Skip to main content
You are the owner of this article.
You have permission to edit this article.
Homestead Heritage entrepreneurs back out of downtown projects

Homestead Heritage entrepreneurs back out of downtown projects


Editor's note: This story has been updated to more accurately reflect Durkin's role in the new Magnolia Network series.

Entrepreneurs associated with Homestead Heritage have backed out of two high-profile downtown projects, one near the Magnolia Market at the Silos and one in a historic building on Elm Avenue.

Kevin Durkin, a craftsman who helped build the Homestead Heritage craft village in 1994, bought the 124-year-old Kestner’s department store building on Elm Avenue in 2019.

Durkin oversees a barnstorming team of architects, artisans and carpenters who travel America, disassembling historic sites and reassembling them piece-by-piece elsewhere. He operates as Heritage Restorations, and practically rubbed his palms in glee two years ago, anticipating getting his hands on Kestner’s, an 11,000-square-foot former department store on Elm.


The Kestner building on Elm Avenue.

He planned to tap his access to stone and brick materials and craftspeople to restore Kestner’s while maintaining its classic lines. But the deed never got done, as Durkin became involved in participating in a new series on the Magnolia Network. The show, "Restoration Road," is hosted by Waco craftsman Clint Harp and is scheduled to launch Jan. 5, 2022.

“We just completed shooting the first season,” said Durkin by phone, confirming his hectic schedule would preclude giving the Kestner’s building the attention it deserves. He struck a deal with local developer Robert Denton, who assigned his contract to buy to businessman Zach Zerik.

“I will act as a consultant, take part in the hiring of a general contractor,” said Denton. “Everything I’ve done downtown includes taking buildings to a white-box level, then letting the tenant direct us from there. We’ve already reglazed eight windows, just to show people what it looked like.”

Denton said his crew will painstakingly preserve the building’s look “because they would shoot us if we didn’t,” noting historic preservation sentiments in Waco.

He said he was surprised to learn the Kestner’s space had not been honored with a Texas Historic Marker, and hopes to address what he considers an oversight as he proceeds.

Colt Kelly, with Kelly Realtors, has started marketing the Kestner’s space, and said he’s already getting what he termed exciting inquiries.

Real estate agent Jim Peevey brokered the sale of Kestner’s from Waco businessman Sam Brown to Durkin, whose reputation for workmanship and attention to detail gave the agent faith in the finished product.

“Things change. Times change,” Peevey said. “But that group’s involvement would have been great to have downtown. They are known for quality.”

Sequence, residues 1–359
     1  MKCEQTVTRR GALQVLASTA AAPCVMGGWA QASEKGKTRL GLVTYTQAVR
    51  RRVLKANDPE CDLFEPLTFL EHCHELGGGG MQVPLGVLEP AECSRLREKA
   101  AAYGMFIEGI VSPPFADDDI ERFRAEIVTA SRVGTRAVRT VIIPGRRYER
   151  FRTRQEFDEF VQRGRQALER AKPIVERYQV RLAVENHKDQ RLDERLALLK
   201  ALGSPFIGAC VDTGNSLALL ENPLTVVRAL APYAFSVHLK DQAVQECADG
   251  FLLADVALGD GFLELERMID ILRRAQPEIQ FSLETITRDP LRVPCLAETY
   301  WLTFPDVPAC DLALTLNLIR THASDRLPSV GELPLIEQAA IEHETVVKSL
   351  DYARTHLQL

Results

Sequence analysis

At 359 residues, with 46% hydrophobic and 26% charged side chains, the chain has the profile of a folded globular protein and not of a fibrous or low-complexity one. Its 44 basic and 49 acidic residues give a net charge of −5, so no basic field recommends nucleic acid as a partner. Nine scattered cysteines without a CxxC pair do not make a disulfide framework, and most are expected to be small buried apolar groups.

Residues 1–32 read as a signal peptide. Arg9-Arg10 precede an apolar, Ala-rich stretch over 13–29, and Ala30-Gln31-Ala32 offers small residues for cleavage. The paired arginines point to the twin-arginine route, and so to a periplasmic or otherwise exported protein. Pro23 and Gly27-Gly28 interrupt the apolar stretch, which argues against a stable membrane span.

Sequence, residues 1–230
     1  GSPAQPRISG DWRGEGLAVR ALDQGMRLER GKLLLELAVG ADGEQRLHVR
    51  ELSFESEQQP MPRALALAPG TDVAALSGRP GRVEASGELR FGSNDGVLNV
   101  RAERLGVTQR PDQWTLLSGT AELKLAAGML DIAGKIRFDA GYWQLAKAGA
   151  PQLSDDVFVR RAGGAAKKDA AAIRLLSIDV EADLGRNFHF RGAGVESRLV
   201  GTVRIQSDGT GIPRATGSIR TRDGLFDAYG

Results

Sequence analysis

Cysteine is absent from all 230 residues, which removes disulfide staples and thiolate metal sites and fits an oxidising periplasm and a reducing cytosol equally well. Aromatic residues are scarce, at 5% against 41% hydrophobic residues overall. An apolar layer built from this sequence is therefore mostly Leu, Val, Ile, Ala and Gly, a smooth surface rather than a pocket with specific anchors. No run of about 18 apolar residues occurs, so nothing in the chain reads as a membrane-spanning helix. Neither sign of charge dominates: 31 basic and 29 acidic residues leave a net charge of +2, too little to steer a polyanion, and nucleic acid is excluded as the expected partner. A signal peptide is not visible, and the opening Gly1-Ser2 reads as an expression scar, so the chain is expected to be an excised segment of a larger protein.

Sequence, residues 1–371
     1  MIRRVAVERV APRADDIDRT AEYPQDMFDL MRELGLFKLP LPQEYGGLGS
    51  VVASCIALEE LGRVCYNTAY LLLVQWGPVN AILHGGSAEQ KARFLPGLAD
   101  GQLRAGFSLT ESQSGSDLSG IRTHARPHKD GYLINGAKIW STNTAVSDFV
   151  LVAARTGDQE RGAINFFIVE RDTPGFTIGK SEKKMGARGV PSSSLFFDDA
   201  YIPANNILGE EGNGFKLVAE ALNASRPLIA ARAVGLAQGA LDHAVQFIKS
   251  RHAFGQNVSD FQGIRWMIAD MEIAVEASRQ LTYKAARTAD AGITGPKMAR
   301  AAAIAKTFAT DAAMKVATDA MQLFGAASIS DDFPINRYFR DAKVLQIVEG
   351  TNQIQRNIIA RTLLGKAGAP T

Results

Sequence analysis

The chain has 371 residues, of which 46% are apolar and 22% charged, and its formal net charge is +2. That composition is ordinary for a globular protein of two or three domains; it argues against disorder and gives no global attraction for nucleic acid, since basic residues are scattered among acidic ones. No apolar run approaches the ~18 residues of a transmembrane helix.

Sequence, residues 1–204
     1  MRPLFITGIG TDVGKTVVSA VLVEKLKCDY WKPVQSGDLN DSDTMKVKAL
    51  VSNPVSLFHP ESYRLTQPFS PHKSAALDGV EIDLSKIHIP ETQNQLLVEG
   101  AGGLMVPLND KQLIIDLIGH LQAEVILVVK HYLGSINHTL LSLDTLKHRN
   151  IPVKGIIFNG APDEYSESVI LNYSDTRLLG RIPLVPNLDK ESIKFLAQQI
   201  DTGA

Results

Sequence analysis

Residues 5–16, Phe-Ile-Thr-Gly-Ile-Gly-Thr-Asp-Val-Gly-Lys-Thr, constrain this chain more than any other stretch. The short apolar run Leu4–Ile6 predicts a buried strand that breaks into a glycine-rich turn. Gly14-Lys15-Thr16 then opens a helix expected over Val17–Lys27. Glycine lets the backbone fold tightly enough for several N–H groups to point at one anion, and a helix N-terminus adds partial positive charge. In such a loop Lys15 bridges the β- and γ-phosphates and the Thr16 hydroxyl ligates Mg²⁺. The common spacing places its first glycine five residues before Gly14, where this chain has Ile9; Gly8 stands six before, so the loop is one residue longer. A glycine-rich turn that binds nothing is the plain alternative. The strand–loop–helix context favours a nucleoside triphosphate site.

Denton said he’s completing two or three projects involving properties on South 11th Street and on Clay Avenue, just outside downtown’s core. At 12th Street and Washington Avenue, Denton is transforming a former funeral home to a mixed-use venue including a high-end Mexican restaurant and bakery.

Meanwhile, Homestead Heritage recently sold a tract to Magnolia Market about a half-block near Eighth Street and Webster Avenue, near the Silos.

“We purchased the land to provide additional, free and publicly accessible parking in downtown Waco,” said Magnolia spokesman John Marsicano.

An attraction proposed there called Heritage on Webster failed to take flight. It included plans for 12 short-term rental units, a pastry and coffee shop, and artisan retail space situated around a central courtyard. Backers requested $480,000 in Tax Increment Financing incentives to support the $3 million undertaking, but the Waco City Council voted 3-3 to reject the request.

tiff south 8th

Homestead Heritage recently sold to Magnolia a property where officials had envisioned short-term rentals and craft demonstrations.

The TIF Zone uses a portion of tax revenue from downtown properties to provide incentives for further development in the area. The Waco City Council has final say on TIF requests, and three members considering Heritage on Webster in February 2020 balked at more public funding for lodging.

Then-Councilman John Kinnaird, who also served as chairman of the Waco Convention and Visitors Bureau, noted during that meeting that Waco’s hotel room count would increase 40% the next three years. Kinnaird first began raising issues with public funding for hotels when the council approved money for a more than $60 million AC Hotel by Marriott project.

Ground recently broke for the Marriott product that will include a high-rise hotel sporting 182 rooms, parking garage and retail center.

“We actually felt we had a really good plan,” said Andrew Taylor, spokesman for Heritage on Webster. “We were really looking forward to it, had almost half a city block, but it never passed the council. I think there may have been some misunderstanding on the amount of parking we had planned. It seemed the city was not interested in lodging, and we were in the middle of that.”

Not receiving TIF-related funding “definitely affected our decision to sell,” said Taylor, adding Homestead Heritage has not entirely written off its project.

“Maybe we’ll just expand what we’re doing at Homestead, which helps Waco as well,” said Taylor. “When we were talking about doing this, we thought it was the best way to get crafts and such in front of more people, get eyeballs on it. Now we’re trying to figure out our long-term plans.”

He would not divulge the sales price of the now Magnolia-owned land.

The business news you need

* I understand and agree that registration on or use of this site constitutes agreement to its user agreement and privacy policy.

Related to this story

Most Popular

Get up-to-the-minute news sent straight to your device.


Breaking News

News Alert